MINNEAPOLIS (WCCO) — Tuesday’s heavy snowfall caused the drive to and from work and school to take a lot longer than normal.
Even with the slower driving, there were many accidents. The Minnesota State Patrol says at least 475 vehicles wound up in the ditch. Nearly 563 others were involved in a crash, and more than 50 people were hurt.READ MORE: Linda Johnson, 66, Identified As Victim In St. Paul Beating Death
People not on the road spent most of the day digging out. Clearing the front steps and sidewalk were the first challenge of the day. Others had to push snow out of the way for the brave people who navigated highways, roads and streets to get to work.
James Namie made it possible for people to find a snow-free parking spot.
“My game plan basically is 15 minutes or less, and it’s about what I’m at right now,” Namie said.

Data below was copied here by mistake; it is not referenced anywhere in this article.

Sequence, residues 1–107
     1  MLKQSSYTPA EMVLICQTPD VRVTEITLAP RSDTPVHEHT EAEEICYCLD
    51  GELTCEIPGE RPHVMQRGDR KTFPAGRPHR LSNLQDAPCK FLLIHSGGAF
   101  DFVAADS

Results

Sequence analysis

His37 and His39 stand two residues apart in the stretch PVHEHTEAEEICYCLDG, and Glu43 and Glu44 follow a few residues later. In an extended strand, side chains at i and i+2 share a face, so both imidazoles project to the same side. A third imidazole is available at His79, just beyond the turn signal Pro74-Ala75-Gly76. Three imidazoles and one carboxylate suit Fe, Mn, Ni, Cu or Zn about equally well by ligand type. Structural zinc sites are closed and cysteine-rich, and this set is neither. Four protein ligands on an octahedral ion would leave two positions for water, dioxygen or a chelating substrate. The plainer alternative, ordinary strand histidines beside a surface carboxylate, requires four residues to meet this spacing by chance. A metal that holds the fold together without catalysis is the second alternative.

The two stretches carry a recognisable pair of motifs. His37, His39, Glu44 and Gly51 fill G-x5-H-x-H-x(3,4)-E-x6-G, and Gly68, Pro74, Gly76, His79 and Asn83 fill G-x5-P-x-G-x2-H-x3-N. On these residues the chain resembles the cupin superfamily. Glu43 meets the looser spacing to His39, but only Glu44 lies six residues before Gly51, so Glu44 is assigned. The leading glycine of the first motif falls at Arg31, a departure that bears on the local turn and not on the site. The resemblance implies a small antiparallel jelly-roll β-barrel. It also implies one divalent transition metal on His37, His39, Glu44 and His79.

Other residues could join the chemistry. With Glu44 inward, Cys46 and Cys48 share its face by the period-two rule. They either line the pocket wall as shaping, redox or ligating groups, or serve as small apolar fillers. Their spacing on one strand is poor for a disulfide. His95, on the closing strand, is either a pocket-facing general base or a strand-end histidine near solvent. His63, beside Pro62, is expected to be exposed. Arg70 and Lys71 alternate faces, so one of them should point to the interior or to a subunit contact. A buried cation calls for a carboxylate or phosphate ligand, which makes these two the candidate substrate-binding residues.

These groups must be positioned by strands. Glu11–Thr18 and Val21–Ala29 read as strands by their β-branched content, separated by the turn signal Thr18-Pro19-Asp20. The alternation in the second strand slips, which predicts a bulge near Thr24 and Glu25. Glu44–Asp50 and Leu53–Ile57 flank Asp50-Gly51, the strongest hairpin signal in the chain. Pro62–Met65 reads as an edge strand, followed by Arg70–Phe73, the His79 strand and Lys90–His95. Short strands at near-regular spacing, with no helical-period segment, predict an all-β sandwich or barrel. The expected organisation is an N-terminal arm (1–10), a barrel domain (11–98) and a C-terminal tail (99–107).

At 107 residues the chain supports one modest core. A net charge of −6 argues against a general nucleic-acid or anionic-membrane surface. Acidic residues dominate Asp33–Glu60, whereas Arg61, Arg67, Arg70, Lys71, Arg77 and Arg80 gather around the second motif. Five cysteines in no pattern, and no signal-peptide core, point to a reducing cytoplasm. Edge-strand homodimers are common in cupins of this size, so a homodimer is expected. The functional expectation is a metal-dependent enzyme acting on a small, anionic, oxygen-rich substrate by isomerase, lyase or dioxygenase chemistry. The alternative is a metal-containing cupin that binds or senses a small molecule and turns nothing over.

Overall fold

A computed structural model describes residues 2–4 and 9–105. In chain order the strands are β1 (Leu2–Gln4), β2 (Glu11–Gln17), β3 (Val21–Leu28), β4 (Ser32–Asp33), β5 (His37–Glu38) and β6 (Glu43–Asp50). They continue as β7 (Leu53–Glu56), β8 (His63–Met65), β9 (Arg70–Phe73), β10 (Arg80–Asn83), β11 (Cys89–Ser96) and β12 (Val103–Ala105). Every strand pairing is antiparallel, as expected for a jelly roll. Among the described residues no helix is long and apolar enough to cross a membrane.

It took a while for lots to fill up because many had to deal with bumper-to-bumper traffic on slick and snow-packed roads.
“Slow, you know. It still took me 45 minutes to get here,” driver Sandy Mauck said.READ MORE: Domestic Assault Suspect Fled St. Cloud Police, Threatened Officers With Sword, Knife
At Armatage Park in south Minneapolis, their ice rink is one of 47 in the city where parks and rec crews are pushing the snow off the ice so skating and hockey can resume.
Ice rinks, however, are at the bottom of the city’s snow removal priority system. Minneapolis’ parking lots — totaling more than 90 — are at the top of the list. Perimeter sidewalks are next, followed by interior pathways. Those include 51 miles of Grand Round bike trails.
It was a day of neighbor helping neighbor. Cars stuck in snow banks, and tires spinning without any signs of stopping. The snow and ice did a number on parked vehicles.
Some looked like they had been buried in snow for days. Folks that did not heed the call for a snow emergency ended up in the impound lot.
“I was working the close shift so when I got home, all the streets were both full on both sides, so I didn’t know that it was going to get plowed in the morning,” Sam Philpot said.
Too bad the snow plows cannot help with sidewalks. If nothing else, the big dig out could be considered another outdoor sport for us hearty Minnesotans.
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